Oh, what's that Ryan? You got upset with my talk about Longoria?

    Well, let's be fair here. Zimmerman is not Evan Longoria. That said, he is probably the third-best defensive third baseman in baseball, behind Longo and Adrian Beltre. He has a very similar skill set to Longoria in that he has a great arm, charges balls well and covers a lot of ground quickly.

    His career UZR is just under 53 since 2006, when he got the starting job at third base in Washington. If healthy this year, he should be a huge defensive contributor and certainly good enough to win the Gold Glove.

American League Shortstop

11 of 18

    Brendan Ryan, Seattle Mariners

    If you're not familiar with the defensive wizardry of Brendan Ryan, familiarize yourself. The 30-year-old has been spectacular defensively, particularly the last two years. During both those seasons, he saved 45 runs accumulating a 19.1 UZR. The shortstop job in Seattle is all his, so he should have plenty of time in the field to showcase his abilities.

    This has traditionally been Derek Jeter's award for no good reason, but a year after Erick Aybar won it for the Angels, Brendan Ryan will keep the award in the AL West.

National League Shortstop

12 of 18

    Troy Tulowitzki, Colorado Rockies

    It's hard to overstate how good Tulowitzki is at baseball. Everyone knows about his bat, but his glove is tremendous as well. He has won the NL Gold Glove for shortstop two years running, and should win it for a third time this year. He has saved 27 runs over the last two seasons with a combined 16.0 UZR.

    Perhaps even more impressive is that Tulo committed just six errors in over 1,200 innings last year. He's about as rock-solid as they come defensively.

American League Left Fielder

13 of 18

    Brett Gardner, New York Yankees

    Let's face it— this man is a beast. I used to think of him as the pesky bottom-of-the-order guy who always seemed to get on base. Now, he's a legitimate All Star. On the field, Gardner is a wizard. He makes up for his lack of a strong arm by charging fly balls ruthlessly and loading up to throw on the run. He has tremendous range, takes smooth paths to the ball and committed just five errors last year.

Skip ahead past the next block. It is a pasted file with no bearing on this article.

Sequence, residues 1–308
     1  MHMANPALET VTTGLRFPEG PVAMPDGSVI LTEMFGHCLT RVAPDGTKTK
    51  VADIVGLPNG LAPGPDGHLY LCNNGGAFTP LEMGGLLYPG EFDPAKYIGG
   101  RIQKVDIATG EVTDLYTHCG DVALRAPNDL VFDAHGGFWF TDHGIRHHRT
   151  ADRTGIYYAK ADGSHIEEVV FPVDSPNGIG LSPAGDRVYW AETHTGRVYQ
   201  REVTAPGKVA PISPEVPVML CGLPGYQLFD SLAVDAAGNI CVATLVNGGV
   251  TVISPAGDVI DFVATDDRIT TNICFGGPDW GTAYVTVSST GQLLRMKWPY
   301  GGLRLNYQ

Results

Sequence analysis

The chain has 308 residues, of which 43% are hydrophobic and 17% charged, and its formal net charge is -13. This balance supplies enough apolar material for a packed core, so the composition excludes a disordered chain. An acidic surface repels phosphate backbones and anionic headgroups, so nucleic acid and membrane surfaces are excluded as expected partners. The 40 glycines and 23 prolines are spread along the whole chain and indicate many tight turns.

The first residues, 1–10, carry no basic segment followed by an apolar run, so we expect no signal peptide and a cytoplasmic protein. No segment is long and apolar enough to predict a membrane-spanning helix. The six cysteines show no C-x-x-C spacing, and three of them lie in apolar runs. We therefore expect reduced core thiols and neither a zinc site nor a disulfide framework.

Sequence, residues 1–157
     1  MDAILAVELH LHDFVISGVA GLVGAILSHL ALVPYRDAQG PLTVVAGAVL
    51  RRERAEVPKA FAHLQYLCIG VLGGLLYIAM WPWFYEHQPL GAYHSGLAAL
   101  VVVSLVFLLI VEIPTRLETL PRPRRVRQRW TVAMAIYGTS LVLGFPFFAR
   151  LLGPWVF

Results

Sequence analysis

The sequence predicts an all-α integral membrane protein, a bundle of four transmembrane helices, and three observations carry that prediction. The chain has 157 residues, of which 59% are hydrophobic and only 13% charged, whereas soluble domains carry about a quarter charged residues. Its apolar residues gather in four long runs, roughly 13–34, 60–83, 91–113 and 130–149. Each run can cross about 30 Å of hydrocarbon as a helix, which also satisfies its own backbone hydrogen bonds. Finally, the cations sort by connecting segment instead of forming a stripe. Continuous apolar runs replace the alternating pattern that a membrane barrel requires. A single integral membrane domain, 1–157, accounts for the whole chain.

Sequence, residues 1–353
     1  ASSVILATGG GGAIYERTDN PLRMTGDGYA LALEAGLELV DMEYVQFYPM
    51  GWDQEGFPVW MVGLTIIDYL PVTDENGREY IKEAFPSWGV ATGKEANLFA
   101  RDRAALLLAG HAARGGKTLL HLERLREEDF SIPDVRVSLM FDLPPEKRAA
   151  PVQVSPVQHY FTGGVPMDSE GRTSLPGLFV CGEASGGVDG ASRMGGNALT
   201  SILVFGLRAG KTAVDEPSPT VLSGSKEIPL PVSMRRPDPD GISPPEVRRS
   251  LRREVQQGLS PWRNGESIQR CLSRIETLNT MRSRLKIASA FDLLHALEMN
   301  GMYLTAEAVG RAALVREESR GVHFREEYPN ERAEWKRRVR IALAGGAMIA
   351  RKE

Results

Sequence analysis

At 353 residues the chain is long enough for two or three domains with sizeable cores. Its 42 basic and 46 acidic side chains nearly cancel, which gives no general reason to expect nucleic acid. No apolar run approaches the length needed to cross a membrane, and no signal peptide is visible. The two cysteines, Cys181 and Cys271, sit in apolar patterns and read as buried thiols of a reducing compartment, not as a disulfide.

He has saved 39 runs the last two years as a left fielder, and during that time has posted a 50.9 UZR. Those numbers are absolutely ridiculous. If he keeps that up, there will be no competition for the Gold Glove.

National League Left Fielder

14 of 18

    Martin Prado, Atlanta Braves

    This pick is highly contingent upon Gerardo Parra losing the starting job in Arizona to Jason Kubel. If Parra starts, he will undoubtedly repeat as a Gold Glover. However, that is not looking entirely likely at this point. Instead, I'll give it to Prado, an underrated defender who had a 5.1 UZR last year in left field. As he learns more how to play the position, he should continue to improve numbers-wise.

    In left field, he only made three errors in 854 innings and showed good range and an accurate arm. He may not be the popular pick for this award, but he could very well deserve it.

American League Center Fielder

15 of 18

    Austin Jackson, Detroit Tigers

    This award has changed hands quite a bit recently, but I believe that this is Jackson's year. The Detroit speedster has posted a UZR of 13.1 in his two full seasons in the majors, and has saved 43 runs during those years. As he continues to mature and gain experience, those numbers should only increase.

    He could be this year's breakout fielder. Expect to see him a lot on Web Gems, and expect his name to be on a Gold Glove at the end of the year.

National League Center Fielder

16 of 18

    Cameron Maybin, San Diego Padres

    If the defensive stud we saw in center field last year for San Diego really is Cameron Maybin, than he's in for a Gold Glove. Fresh off a new contract, Maybin will be one of the favorites for this award along with fellow NL West star Matt Kemp. Maybin has the edge, though, because of what he showed last year.

    In just under 1,200 innings, he committed just five errors, saved 12 runs and had a UZR of 9.5. Though his arm wasn't stellar, his ability to cover ground is elite. I fully expect him to continue to improve, and knock Matt Kemp off his throne.

American League Right Fielder

17 of 18

    Shin-Soo Choo, Cleveland Indians

    WHOA. Surprised? You shouldn't be. As awful as Choo's season was in 2011, he still has his magnificent 2010 campaign to point to. This guy could be an elite right fielder both at the plate and in the field. What will determine that is whether he has his head on straight this year. If he does, expect big things. He's got a great arm that was almost nine runs above average in 2010.

    That year, he committed just four errors in almost 1,250 innings. Although that was two seasons ago, I'm giving Choo the benefit of the doubt that last year was a pure fluke. I think Choo could definitely surprise and steal the Gold Glove from Nick Markakis.

National League Left Fielder

18 of 18

    Jason Heyward, Atlanta Braves

    Is this the year that Jason Heyward puts it all together? Offensively, maybe. Defensively, he already has. Heyward is a top-notch defender in right field and will be part of baseball's best defensive outfield with Martin Prado and Michael Bourn. In his two MLB seasons, Heyward has a UZR of 12.8 with 25 runs saved.

    His athleticism plays well into his defensive game, as Heyward is quite adept at chasing down fly balls. His arm is strong, but the accuracy is not quite there yet. If he is able to pinpoint some of his throws, that could put Heyward over the top. If that's the case, he will win an NL Gold Glove.